EU action to strengthen food security
EU concerns over food security are not new, but Russia’s war on Ukraine has made them top political priorities. The current food crisis is the result of several drivers, some of which are circumstantial and already addressed by the EU and the international community. Following the EU leaders’ March 2022 Versailles Declaration, the European Commission put forward a series of measures to ensure global food security and food affordability. Internationally, EU solidarity lanes have allowed Ukraine to export over 23 million tonnes of agricultural products to global markets. The EU has earmarked €8 billion between 2020 and 2024 for global food security, and will further support the food systems of around 70 countries under the 2021‑2027 multiannual financial framework. Acting multilaterally, the Commission is a key partner in eight global coalitions to strengthen food security, and has actively advocated lifting agricultural export restrictions.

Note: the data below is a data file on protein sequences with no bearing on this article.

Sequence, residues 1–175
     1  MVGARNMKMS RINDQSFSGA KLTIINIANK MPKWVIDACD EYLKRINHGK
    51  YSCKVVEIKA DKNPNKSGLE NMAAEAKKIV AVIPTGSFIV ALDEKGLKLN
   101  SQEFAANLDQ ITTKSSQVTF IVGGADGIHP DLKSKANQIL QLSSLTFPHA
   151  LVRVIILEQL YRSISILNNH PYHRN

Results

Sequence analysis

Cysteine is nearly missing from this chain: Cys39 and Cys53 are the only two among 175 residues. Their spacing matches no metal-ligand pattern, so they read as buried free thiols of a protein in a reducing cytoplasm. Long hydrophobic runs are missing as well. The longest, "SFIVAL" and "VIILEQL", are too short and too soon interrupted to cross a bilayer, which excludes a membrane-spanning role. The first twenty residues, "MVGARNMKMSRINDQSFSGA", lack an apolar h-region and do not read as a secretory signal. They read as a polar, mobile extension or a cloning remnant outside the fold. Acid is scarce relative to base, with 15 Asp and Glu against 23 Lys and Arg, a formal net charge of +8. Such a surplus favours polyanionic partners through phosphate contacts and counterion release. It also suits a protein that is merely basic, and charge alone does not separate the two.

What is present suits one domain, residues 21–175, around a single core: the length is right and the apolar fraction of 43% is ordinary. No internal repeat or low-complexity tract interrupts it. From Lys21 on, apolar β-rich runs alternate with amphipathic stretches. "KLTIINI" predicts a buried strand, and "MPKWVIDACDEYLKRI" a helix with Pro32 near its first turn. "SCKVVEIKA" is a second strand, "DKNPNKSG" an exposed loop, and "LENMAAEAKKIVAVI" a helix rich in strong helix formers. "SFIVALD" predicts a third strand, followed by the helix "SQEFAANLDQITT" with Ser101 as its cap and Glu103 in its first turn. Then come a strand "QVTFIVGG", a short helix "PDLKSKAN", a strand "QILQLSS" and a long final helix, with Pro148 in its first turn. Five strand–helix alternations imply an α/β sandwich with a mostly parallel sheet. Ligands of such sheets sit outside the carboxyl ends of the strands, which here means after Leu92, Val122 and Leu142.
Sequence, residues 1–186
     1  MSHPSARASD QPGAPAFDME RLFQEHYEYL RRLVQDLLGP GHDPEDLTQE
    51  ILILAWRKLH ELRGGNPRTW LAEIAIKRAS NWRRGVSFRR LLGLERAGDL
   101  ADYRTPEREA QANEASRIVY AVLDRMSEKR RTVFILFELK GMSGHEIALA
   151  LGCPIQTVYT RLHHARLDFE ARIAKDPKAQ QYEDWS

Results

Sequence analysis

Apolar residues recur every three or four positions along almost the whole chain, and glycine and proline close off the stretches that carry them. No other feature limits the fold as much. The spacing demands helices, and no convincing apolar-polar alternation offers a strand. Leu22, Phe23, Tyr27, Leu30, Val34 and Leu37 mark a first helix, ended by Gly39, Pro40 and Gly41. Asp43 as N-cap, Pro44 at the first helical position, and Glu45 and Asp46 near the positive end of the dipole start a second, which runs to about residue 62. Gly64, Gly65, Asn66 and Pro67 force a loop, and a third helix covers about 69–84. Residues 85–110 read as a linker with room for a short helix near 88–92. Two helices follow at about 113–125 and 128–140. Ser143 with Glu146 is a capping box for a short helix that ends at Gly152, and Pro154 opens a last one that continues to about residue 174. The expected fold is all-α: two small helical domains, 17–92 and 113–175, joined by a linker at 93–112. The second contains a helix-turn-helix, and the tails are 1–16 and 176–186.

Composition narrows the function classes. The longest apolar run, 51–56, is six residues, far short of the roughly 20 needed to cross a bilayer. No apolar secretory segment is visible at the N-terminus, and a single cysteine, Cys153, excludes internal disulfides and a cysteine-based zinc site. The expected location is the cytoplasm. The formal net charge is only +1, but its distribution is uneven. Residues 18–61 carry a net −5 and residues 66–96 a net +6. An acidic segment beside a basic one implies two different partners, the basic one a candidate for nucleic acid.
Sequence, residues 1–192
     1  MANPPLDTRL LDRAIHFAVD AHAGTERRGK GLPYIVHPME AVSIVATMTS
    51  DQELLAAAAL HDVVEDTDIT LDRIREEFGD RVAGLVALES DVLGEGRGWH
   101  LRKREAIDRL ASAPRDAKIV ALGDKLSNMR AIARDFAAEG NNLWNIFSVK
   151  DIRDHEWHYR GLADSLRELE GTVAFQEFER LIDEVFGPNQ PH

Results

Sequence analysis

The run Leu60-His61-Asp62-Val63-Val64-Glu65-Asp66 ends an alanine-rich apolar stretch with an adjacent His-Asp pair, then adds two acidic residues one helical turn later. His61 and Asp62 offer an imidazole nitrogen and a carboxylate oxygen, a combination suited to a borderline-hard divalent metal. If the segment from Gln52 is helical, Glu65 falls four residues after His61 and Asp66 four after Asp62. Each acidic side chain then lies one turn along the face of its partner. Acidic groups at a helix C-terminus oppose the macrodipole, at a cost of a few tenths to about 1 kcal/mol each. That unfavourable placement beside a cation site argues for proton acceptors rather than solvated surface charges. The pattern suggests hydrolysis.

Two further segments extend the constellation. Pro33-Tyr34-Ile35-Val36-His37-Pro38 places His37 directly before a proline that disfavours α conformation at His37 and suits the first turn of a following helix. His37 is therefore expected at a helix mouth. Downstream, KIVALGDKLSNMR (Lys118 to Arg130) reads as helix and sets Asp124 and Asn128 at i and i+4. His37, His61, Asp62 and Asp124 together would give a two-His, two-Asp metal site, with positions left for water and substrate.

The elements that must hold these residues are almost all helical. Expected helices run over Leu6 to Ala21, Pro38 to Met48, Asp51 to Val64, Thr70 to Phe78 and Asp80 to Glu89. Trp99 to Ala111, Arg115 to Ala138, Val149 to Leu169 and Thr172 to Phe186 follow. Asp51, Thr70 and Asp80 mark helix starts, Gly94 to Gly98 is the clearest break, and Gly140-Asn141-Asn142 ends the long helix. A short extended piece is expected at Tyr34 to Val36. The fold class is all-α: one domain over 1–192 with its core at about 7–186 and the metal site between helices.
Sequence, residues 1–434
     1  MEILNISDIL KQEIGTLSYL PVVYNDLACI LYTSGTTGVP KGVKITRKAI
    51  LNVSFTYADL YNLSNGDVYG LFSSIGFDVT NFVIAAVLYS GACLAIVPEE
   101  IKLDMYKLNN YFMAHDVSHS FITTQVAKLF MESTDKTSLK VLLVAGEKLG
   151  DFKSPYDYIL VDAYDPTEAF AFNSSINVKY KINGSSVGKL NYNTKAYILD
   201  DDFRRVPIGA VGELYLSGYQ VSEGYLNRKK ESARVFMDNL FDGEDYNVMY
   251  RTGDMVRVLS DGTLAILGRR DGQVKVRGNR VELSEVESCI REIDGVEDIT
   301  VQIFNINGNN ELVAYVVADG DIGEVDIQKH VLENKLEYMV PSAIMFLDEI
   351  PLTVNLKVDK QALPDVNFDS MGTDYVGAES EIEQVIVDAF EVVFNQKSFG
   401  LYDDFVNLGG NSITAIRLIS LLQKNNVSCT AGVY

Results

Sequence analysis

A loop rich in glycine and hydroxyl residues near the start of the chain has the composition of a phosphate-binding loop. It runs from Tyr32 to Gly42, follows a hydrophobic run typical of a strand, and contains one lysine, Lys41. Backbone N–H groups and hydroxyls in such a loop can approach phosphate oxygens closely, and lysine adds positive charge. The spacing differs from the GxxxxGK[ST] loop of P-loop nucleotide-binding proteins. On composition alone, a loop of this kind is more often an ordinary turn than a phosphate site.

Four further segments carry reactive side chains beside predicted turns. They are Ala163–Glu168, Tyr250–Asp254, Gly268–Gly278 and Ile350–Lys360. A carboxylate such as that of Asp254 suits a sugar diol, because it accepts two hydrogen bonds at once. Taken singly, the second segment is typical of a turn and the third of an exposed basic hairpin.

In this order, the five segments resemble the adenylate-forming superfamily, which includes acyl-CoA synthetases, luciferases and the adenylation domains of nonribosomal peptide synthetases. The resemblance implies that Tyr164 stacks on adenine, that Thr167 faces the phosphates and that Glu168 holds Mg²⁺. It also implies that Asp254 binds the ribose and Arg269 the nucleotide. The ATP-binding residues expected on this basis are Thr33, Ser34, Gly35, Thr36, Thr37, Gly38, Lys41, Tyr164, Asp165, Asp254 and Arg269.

Domestically, the Commission has pursued the double objective of mitigating the war’s immediate impact on EU farmers and consumers while boosting agricultural production to meet global demand. This support for farmers affected by higher input costs included advances of direct payments, a €500 million package, and temporary State aid measures. The Commission also permitted the temporary use of fallow land to increase food and animal feed production, and an easing of import requirements for animal feed. Member States were also encouraged to reduce value added tax rates for staple foods, and use the Fund for European Aid to the Most Deprived to cushion the effect of food inflation on lower-income households.
To increase the EU’s agricultural resilience to external shocks, the Commission aims to reduce Europe’s dependency on imports of critical inputs, in particular fertilisers and plant-based proteins for animal feed. Over the long term, the decisive challenge for food security in Europe and the world will be the transition to sustainable and resilient food systems capable of feeding a growing population. This objective is at the core of the farm to fork strategy, which aims to make EU food production more resilient and environmentally neutral while remaining competitive and able to provide EU consumers with affordable and nutritious food. To that end, in a March 2022 resolution, the European Parliament called for a reinforced European strategic autonomy in food, feed and fertilisers. In a July 2022 resolution, Parliament encouraged the EU to make the global transformation to sustainable food systems a central objective of its international financial instruments.